6. Bake any other pieces of marchpane until just starting to brown – they will take anything from 10-20 minutes, depending on size.

To decorate the marchpane:

7. Make the icing – mix the icing sugar with enough rosewater to make a fairly thick but flowing icing. Use this to ice the top of the marchpane disc. Try to give it three coats, allowing it to dry in between.

8. Ice the decorations – I made the hearts white, and then dusted them with gold powder when dry, and tinted some of the icing red to decorate the studs. Leave to dry.

9. Finally, assemble the marchpane – use any remaining icing to glue the various pieces onto the disc.

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{7} Frankfurter Brenten

I realised that this year, I’ve done quite a lot of posts that require some strange/odd/niche ingredient, which is of course not great if you want to try something at home and don’t have all manner of strange powders in the house with which to perform culinary magic.

Today’s recipe is one that looks very fancy, but is actually made with rather more humble ingredients (or as humble as I get in the kitchen). But just to make sure that these biscuits still look very jolly, I’ve made them using biscuit presses, and finished them with a dusting of edible gold lustre, of which more later. Rather fetching, aren’t they?

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These cookies are called Frankfurter Brenten. They are made from a soft dough made that contains marzipan, sugar and egg whites, plus a dash of orange blossom water. This gives you a dough that is finer and easier to mould than plain marzipan, allowing you to get some very fine details. I made these using an oak leaf motif, and I think it looks fantastic. There is something about the shape that seems very fitting for Christmas.

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If you want to make these cookies without using a press, then I’ve got a few suggestions. First, have a look for something in the house with a pattern – think dominoes or printing blocks. If you are at a vintage market, a Victorian block with a festive pattern would look superb (just make sure they are not made from lead, and that they don’t still have ink in them!). Alternatively, look for things with a texture that you can press onto the rolled dough, then cut out shapes using normal cutters. The only limit I found is that very tiny biscuits will puff up too much in the oven, one side will expand faster than another, and they won’t look too pretty. I think you could remedy this by baking at a very, very low temperature or just stick to making larger Brenten.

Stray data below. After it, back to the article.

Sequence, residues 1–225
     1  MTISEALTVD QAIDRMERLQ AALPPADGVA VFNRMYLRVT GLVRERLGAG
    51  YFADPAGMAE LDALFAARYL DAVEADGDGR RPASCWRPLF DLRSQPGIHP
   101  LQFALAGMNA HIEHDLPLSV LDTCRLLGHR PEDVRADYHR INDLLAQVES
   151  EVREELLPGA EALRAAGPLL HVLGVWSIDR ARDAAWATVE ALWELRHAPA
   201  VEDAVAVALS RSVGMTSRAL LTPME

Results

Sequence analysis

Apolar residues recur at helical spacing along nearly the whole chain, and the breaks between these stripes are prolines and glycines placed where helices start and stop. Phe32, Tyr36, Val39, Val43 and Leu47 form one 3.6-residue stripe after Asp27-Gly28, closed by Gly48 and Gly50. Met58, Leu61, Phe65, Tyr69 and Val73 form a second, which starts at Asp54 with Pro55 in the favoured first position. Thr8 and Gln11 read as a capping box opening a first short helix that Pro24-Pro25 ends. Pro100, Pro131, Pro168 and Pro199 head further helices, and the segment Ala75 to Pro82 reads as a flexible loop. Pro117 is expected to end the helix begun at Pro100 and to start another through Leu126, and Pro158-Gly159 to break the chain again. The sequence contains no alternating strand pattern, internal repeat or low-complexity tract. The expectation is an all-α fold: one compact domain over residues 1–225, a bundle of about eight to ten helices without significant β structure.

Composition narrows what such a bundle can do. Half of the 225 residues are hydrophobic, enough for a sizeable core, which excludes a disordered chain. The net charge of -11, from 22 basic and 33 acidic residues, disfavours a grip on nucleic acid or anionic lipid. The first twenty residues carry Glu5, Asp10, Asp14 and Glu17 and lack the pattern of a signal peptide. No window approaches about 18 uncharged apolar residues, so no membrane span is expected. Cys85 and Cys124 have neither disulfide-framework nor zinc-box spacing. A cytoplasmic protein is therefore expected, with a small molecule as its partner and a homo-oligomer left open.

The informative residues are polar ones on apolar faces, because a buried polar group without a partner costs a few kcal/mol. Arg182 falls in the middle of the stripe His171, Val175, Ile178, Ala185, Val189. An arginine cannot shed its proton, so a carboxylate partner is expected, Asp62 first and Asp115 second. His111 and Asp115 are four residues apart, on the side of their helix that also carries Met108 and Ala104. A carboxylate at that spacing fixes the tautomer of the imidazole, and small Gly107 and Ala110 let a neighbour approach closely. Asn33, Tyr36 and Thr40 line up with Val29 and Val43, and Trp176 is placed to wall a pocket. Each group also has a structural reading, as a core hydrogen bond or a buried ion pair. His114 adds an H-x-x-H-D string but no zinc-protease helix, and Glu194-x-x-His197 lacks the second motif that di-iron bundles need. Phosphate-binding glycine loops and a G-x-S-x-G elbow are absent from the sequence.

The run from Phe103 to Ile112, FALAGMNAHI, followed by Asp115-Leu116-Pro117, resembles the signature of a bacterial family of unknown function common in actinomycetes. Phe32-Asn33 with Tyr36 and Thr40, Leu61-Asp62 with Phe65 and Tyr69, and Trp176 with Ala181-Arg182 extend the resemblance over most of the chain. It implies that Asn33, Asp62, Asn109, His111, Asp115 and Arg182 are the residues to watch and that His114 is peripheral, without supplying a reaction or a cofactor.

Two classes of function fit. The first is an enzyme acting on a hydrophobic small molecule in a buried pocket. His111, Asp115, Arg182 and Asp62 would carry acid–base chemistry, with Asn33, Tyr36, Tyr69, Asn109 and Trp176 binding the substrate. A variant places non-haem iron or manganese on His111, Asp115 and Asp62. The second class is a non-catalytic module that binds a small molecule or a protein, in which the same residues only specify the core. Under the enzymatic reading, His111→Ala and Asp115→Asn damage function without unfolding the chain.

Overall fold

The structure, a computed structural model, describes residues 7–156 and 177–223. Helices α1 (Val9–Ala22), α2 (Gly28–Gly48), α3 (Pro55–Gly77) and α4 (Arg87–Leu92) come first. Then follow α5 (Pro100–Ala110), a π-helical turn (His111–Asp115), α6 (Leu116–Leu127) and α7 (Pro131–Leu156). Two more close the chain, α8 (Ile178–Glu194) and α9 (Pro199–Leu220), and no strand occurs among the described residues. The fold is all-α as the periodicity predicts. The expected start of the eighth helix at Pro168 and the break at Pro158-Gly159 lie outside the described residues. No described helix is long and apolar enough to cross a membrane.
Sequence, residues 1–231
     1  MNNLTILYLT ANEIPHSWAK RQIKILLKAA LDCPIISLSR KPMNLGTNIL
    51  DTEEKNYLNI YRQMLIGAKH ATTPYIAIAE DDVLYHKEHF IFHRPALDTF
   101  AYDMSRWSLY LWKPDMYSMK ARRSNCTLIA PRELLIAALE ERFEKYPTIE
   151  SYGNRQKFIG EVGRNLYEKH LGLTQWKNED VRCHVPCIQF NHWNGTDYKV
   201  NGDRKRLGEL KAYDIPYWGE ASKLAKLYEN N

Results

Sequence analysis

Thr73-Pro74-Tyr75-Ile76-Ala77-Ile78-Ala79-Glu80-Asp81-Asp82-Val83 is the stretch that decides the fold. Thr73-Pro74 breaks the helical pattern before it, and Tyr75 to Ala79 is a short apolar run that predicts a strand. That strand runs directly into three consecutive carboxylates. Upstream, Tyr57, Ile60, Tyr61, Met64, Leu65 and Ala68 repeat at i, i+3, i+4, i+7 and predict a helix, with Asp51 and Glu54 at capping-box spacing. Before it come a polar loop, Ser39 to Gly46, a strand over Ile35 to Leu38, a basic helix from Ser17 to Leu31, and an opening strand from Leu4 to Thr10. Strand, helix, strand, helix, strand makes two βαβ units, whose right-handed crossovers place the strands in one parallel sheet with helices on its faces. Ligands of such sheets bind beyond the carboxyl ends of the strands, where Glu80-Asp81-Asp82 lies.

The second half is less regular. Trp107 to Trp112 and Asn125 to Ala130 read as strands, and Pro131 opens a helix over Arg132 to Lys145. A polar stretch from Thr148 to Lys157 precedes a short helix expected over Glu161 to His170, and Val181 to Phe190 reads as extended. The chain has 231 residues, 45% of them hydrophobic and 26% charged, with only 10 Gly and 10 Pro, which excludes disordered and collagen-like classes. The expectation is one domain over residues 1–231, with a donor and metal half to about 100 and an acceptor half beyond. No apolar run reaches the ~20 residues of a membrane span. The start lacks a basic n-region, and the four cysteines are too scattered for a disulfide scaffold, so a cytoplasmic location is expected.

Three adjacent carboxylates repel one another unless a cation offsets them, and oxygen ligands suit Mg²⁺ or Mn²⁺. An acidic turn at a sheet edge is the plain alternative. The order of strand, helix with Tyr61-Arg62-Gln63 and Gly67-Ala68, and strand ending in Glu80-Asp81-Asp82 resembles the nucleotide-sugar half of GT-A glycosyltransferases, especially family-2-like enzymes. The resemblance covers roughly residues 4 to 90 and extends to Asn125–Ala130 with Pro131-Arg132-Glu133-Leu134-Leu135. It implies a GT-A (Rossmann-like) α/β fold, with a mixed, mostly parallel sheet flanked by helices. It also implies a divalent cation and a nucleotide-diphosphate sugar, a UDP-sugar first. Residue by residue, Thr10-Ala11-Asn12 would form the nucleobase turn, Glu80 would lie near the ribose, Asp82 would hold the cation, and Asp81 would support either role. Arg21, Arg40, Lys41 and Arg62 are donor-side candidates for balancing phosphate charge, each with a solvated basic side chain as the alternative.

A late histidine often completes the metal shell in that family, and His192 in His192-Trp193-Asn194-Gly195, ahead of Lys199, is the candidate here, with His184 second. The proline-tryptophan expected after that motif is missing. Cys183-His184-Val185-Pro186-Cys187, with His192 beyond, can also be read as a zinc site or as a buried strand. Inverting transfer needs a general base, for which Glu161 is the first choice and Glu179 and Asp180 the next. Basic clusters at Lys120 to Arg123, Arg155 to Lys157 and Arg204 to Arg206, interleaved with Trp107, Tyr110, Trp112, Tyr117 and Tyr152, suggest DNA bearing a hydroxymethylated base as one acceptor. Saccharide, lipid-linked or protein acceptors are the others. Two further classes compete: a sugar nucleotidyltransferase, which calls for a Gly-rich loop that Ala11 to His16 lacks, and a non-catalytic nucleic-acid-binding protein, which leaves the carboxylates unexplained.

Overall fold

Once baked, you could leave the Brenten plain, but I wanted to decorate them in gold. I though the design I had used had the look of medieval carvings, like the bosses you might see in the vaulted roofs of old cathedrals. They also reminded me of the Elizabethan marzipan tradition, and I wanted a nod back to that too. In Tudor times, a confection known as marchpane would be prepared from almonds and sugar. This mixture was bound with a little rose water, and the resulting paste could be fashioned into elaborate and intricate shapes. Think figures, pictures, fruit, swans, portraits. An essential part of the confectioner’s repertoire in those times, and essential to get right, as essentially whatever Good Queen Bess wanted in marzipan form, she more likely than not had to get, lest you wanted to risk being sent to the Tower of London. Given the ingredients, marchpane was a luxury (containing exotic almonds and sugar, out of the reach of all but the very wealthiest), and it was finished accordingly, often with real gold leaf. This was confectionery as art, and art that was intended to impress the great and the good.